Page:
meQ currently supports SAP APJ region employees as well as various SAP customers in guiding them through their organizational transformations. In their work with SAP employees, meQ has found a misalignment between “the humans in the seats” and the pace of innovation, seeing gaps in growth mindset and growth orientation. SAP is working closely with meQ’s solution and insights from workforce intelligence systems across assessments to utilize meQ on an individual level for coaching employees, but also in a broader way to identify areas where SAP can launch new learning programs and understand on an organizational level the risks and inhibitors standing in the way of a successful transformation. meQ is also currently working with a large Food & Beverage SAP customer with a first-of-its-kind blended learning program with live teaching and digital coaching, that will give the organization common vocabulary to talk about growth mindset, resilience, transformation, and give tools on the team-level for better working toward goals.

Leveraging data to make the case for your employee mental health investment

Today, the goals of the CHRO and the CFO are aligned. Lapses in mental health and wellness are costing companies big. According to meQ data, there is an 18% average of less turnover amongst meQ participants compared to non-participants, short-term disability leave lengths are 25–50% less for mental health and non-mental health for meQ participants, and meQ participants see healthcare costs about $300 per year/per member less than non-participants (CASE STUDY: Health Insurance Company Boosts Employee Wellbeing, Reduces Healthcare Costs in Participants by 22%). In the longer term, investing in employee well-being will greatly impact an organization’s attrition rate and ability to attract high-level talent. Today, the best way to make the case in favor of your mental health investment is through cold-hard facts. Integrate meQ data on participation and resilience with the business outcomes that your CFO cares most about, whether it is healthcare claims, disability costs, turnover rates, etc. Know your stakeholders and what is most important to them, and utilize your data to show its value in a concrete way.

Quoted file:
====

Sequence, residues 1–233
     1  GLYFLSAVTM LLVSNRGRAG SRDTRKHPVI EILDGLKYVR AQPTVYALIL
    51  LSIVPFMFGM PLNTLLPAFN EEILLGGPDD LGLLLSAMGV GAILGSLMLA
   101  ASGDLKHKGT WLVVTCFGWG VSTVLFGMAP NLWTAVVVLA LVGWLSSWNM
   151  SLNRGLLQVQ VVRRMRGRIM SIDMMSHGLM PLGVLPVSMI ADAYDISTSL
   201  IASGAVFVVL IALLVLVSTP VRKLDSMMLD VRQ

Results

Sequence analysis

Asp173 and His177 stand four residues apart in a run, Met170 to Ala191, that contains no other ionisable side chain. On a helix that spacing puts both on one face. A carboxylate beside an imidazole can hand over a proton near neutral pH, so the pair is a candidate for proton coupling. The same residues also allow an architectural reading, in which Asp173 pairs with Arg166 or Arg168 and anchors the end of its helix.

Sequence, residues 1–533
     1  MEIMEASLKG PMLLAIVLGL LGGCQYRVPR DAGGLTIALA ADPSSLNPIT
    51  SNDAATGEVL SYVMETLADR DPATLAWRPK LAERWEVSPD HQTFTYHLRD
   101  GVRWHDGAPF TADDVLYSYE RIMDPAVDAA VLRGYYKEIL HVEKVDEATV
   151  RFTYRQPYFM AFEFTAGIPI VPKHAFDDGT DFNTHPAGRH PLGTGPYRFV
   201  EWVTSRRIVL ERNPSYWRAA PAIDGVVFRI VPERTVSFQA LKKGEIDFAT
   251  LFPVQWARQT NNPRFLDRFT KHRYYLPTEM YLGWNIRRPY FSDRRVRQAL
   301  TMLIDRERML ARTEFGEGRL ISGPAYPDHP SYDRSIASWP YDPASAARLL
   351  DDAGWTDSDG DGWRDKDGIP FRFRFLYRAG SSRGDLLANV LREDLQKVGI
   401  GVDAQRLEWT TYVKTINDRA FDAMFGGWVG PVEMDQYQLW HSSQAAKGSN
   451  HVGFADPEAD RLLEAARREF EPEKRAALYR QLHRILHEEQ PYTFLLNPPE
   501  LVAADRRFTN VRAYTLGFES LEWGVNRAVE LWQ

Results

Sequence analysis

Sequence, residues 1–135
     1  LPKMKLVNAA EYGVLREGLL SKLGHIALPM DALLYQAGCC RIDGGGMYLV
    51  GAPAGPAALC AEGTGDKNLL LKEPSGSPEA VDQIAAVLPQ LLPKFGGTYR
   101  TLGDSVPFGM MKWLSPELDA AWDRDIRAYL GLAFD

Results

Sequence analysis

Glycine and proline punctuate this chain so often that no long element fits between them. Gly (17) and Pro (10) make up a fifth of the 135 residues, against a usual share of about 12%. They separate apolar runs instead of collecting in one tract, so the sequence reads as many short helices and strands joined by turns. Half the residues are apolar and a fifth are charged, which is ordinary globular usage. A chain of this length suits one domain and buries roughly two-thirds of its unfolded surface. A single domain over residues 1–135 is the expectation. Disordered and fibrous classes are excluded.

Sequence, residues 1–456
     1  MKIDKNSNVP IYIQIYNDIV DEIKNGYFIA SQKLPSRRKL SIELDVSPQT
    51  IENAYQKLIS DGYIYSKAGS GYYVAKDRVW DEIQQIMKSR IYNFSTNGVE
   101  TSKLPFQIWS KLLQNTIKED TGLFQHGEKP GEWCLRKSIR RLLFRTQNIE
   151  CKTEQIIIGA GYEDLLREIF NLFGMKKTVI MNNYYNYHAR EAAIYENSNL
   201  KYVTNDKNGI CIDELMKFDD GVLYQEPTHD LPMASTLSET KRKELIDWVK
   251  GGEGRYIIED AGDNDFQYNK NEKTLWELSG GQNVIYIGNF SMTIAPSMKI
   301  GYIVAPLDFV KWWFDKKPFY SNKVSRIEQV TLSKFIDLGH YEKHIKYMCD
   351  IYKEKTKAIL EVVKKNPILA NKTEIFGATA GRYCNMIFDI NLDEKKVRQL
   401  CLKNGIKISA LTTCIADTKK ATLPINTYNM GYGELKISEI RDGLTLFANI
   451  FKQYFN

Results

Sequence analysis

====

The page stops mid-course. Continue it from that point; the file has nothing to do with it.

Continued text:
Now is the time to double down on employee wellbeing

According to Dr. Andrew Shatté, when we look at trauma, we generally see the breakdown of its impact on people in thirds: 1/3 of people struggle immensely, 1/3 just barely keep their heads above water and are treading, and 1/3 thrive and grow (Resilience and the Pandemic: The Law of Thirds). We see the same patterns when looking at the corporate world, and have seen companies that despite the trauma are able to grow and evolve their culture and business despite being in the midst of the most challenging moments. There is no doubt: now is the time to double down on employee mental and physical wellbeing. The organizations that recognize this and do so will be those who thrive, grow, and come out of this moment stronger than when they came in.

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Stephanie Horwitz

I lead global value creation for SAP.iO & I am the creator and host of “What Should I Do With My Life?”